Tuesday, 06 March 2012 10:24
For what is sure to be an unparalleled music experience, Sydney Opera House is thrilled to present one of the great cult bands of Australia in an exclusive Opera Theatre performance on March 18.
"One of the greatest bands in the world" NEW YORK TIMES
‘...Entirely new and entirely now...They produce a post-jazz, post-rock, post-everything sonic experience that has few rivals’.5/5 THE GUARDIAN, UK
Chris Abrahams (piano), Tony Buck (drums), and Lloyd Swanton (bass) conjure a chemistry together that defies description in orthodox terms. Not entirely avant-garde, nor minimalist, nor ambient, nor jazz, the deceptive simplicity of their music throws forth new charms on each hearing.
From their humble beginnings as a private jamming project nearly a quarter of a century ago, The Necks have risen to become globally renowned for their innovative approach to creating spontaneous music.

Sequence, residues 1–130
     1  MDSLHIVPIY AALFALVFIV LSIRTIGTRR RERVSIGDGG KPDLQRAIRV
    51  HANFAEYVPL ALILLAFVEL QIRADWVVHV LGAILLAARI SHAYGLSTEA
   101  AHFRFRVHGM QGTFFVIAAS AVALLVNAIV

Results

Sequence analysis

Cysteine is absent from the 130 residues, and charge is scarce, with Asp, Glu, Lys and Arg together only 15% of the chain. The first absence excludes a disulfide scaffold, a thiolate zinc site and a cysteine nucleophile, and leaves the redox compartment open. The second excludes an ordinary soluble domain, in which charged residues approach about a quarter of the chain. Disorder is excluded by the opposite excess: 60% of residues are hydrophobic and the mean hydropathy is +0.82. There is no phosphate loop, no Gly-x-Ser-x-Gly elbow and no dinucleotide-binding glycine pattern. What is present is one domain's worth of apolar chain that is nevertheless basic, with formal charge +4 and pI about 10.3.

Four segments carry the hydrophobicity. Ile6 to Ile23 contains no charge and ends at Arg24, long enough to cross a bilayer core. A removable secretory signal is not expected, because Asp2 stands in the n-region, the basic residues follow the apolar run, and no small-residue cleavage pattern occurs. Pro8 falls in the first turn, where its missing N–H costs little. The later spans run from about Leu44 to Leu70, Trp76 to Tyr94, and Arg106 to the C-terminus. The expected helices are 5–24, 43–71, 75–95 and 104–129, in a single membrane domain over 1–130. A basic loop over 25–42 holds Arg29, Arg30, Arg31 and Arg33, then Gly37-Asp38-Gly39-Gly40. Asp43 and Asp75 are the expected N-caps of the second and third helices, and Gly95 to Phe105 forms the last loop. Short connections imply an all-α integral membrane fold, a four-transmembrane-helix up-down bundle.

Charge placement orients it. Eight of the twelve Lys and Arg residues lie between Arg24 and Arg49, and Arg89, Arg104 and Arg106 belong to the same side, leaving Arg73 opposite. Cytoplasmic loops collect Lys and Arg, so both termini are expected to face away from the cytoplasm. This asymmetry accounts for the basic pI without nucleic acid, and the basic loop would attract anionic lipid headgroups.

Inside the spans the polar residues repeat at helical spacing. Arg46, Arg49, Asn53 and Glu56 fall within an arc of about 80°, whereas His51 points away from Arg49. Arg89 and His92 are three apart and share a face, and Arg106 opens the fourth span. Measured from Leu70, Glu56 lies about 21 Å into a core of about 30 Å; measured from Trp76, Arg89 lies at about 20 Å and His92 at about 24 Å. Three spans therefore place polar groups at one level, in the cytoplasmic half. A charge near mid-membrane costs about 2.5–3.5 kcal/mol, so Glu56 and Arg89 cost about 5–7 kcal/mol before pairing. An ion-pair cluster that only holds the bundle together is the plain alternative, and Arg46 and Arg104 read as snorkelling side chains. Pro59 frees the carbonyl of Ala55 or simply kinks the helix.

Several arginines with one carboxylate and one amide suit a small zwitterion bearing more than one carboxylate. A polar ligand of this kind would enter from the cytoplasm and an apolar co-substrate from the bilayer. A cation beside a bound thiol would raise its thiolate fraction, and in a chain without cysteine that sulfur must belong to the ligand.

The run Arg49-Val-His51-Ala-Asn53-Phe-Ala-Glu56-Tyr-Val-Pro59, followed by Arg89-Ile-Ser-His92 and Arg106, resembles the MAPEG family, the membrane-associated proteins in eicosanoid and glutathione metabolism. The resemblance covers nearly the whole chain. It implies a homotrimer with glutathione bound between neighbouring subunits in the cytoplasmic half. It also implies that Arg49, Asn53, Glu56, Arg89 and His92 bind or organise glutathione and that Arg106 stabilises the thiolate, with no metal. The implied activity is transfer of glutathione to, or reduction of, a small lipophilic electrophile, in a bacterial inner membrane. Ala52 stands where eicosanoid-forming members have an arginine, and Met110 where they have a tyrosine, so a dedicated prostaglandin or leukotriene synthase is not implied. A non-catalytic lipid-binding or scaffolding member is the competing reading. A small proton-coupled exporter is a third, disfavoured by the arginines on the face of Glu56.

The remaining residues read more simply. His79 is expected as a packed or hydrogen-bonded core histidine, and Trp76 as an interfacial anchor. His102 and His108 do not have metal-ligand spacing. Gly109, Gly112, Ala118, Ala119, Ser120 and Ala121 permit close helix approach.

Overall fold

With no two performances alike, seeing The Necks live is akin to a hypnotic and thrilling emotional journey into the unknown. Inventing their music in real time, a live performance can typically begin very quietly with one of the musicians playing something very simple. One by one, the other two will join with their own contributions, all three independent yet intertwined. As the piece builds through subtle micro-changes, the interaction of their instruments creates layers of harmonics and washes of sound that unravel in the most mesmerising fashion whilst communicating a fierce energy and warmth.
2011 was another big year for The Necks, seeing the release of Mindset, their 16th album (and first to also appear on vinyl), to great acclaim, and also including tours of Australia, North America and Europe, the latter being their most successful yet, as well as a highly-acclaimed run of dates in a double bill with ambient legend Harold Budd.
The Necks are, simply, at the top of their game. Don't miss out on what will likely be your one opportunity to catch this unique act in Sydney this year.
“(The Necks) draw your attention to the music instead of the means: you never get the idea that they're playing for an hour to prove that they can do it, or to showcase a glut of ideas, but simply to give you the pleasure of focusing on music in extreme detail.”
“A magic act masquerading as a piano trio, this Australian group delivers long-form improvisations that shift with such patient beauty that it casts a trance. You'll seldom spend an hour that passes so quickly -- and rewardingly.”
LOS ANGELES TIMES